Jonathan Daniel/Getty Images
Karl Malone was drafted by the Utah Jazz with the 13th overall pick in the 1985 draft. The Chicago Bulls, who had acquired Michael Jordan with the third pick in the previous year’s draft, selected Keith Lee with the 11th pick. Lee, in a draft-day trade, was sent to Cleveland for Charles Oakley. Charles Oakley was an average player throughout his career, with a stat line of 9.7 points and 9.5 rebounds.
The Bulls could have instead selected Karl Malone, whose career was defined by longevity and greatness. Malone is the second all-time leading scorer in NBA History, and averaged a staggering 25 points and 10 rebounds in his 19-year career. The Mailman’s inside presence, matched with arguably the greatest player of all time, could have been the greatest duo of all time.
This hypothetical combination would have had a vast impact on the history of the game.
First, Scottie Pippen would most likely not have been traded for by the Bulls.
Secondly, the Stockton-Malone combination would not have existed, and who is to say how either of their careers would have played out?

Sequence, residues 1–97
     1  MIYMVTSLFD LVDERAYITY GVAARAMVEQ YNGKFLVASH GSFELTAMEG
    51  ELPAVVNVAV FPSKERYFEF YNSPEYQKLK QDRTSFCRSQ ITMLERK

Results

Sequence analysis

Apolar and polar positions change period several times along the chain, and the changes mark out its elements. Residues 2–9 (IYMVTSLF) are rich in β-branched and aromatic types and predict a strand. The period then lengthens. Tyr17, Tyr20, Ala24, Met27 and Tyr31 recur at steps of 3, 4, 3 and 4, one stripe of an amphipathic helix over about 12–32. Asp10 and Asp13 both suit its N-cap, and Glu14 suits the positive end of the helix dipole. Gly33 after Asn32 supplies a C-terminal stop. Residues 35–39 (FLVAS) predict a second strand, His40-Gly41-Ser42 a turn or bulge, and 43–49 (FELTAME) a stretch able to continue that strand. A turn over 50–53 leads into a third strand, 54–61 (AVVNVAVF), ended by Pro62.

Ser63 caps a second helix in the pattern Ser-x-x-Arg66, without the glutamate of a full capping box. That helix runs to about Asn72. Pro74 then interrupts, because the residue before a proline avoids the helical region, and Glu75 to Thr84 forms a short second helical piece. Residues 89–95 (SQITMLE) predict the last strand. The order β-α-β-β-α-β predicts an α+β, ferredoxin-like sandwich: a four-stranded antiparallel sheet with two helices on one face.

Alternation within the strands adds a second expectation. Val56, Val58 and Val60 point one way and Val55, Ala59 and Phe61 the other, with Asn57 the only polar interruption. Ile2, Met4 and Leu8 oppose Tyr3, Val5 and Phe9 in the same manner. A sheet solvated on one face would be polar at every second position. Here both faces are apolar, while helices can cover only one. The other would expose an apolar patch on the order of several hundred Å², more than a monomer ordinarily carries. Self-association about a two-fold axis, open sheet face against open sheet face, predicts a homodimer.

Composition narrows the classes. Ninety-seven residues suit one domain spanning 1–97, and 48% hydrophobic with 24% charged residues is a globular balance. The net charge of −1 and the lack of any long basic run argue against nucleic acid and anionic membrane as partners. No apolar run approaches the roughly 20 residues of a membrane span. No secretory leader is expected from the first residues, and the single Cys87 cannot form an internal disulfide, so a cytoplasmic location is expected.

Thirdly, the Jazz and Bulls rivalry throughout the '90s would probably not have existed. The Bulls beat the Jazz twice in the NBA Finals and proved to be the sole reason why Stockton and Malone never won a championship.
With Malone on the Bulls, the threat of the Jazz would have been removed and Malone would have had a relatively easier path to the finals. The most notable moment of the Jazz-Bulls rivalry, Jordan’s infamous pull-back “J” on Byron Russell in the 1998 NBA Finals, also would not have occurred.
<a href="http://www.twitter.com/SpencerKier37"><img src="http://twitter-badges.s3.amazonaws.com/follow_me-c.png" alt="Follow SpencerKier37 on Twitter"/></a>